Today was a great day. I got to sit down and discuss the finer points of branding with a great group of agents. The input I received fueled me and served as a reminder of how exciting the world of marketing and branding really is. I went ahead and took notes on my lesson and subsequent discussion and I thought I would post them here. If you are finding this site for the first time through the class today, Welcome! Please let me know if this blog helps.Notes
Sorry if this doesn't read too smoothly. They are only notes.
There are three stages to branding:
1.Target. The worst target group you can have is everyone. In branding, everyone equals no one. You can not devise a message that will speak to everyone. Find a group that you can realistically target. Pick a group that you have served well in the past and that you can serve well in the future. The definition of a target market is a group of people with defining characteristics. What are the defining characteristics of your group?
2.Message. Remember those defining characteristics? What message speaks well to those people. The elderly value security and trust. 20-somethings want you to hold their hand through the transactions. How can you overcome peoples fears?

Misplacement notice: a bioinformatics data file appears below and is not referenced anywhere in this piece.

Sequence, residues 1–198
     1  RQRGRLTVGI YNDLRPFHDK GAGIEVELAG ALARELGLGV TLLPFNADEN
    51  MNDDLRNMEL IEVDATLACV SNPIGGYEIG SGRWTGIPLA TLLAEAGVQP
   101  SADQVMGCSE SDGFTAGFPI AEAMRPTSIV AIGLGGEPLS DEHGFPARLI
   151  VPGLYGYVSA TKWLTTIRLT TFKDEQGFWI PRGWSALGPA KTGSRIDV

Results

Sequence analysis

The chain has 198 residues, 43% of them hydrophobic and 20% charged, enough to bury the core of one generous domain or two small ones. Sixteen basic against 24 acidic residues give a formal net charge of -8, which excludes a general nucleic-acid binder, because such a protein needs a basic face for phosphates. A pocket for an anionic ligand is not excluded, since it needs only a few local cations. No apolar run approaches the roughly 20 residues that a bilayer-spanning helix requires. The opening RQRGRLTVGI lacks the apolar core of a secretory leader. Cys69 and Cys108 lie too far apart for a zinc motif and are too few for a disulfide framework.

3.Expression. So you have your target and your message. Now what? You need to figure out a way to get that message across. That's where the visual branding comes in. You need to people to feel a certain way when they see your graphics. If you don't take control of this process, potential clients are getting the wrong messages when they see your marketing materials. Make sure they are getting the right ones. Hire someone to help you.
How to choose a graphic designer:
-Make sure they understand the importance of target markets and how to reach them.
-Make sure their primary focus is sales for you and not just making pretty pictures.
-Make sure they will work with you. If the designer plans on taking your money and showing up in three weeks with a logo for you, it won't work. A good designer should spend a great deal of the design process in contact with you, trying to understand your business, your market, and you. If they don't insist on a detailed meeting before the first line is drawn, run!
"The Tipping Point" -Malcolm Gladwell
An anthropological study on consumer behavior. What makes your customers tick? Deals a lot with the product adoption curve.
"Purple Cow" -Seth Godin
A much shorter read. Deals with a lot of the same issues as "The Tipping Point" but it explains how to translate these ideas into real business growth.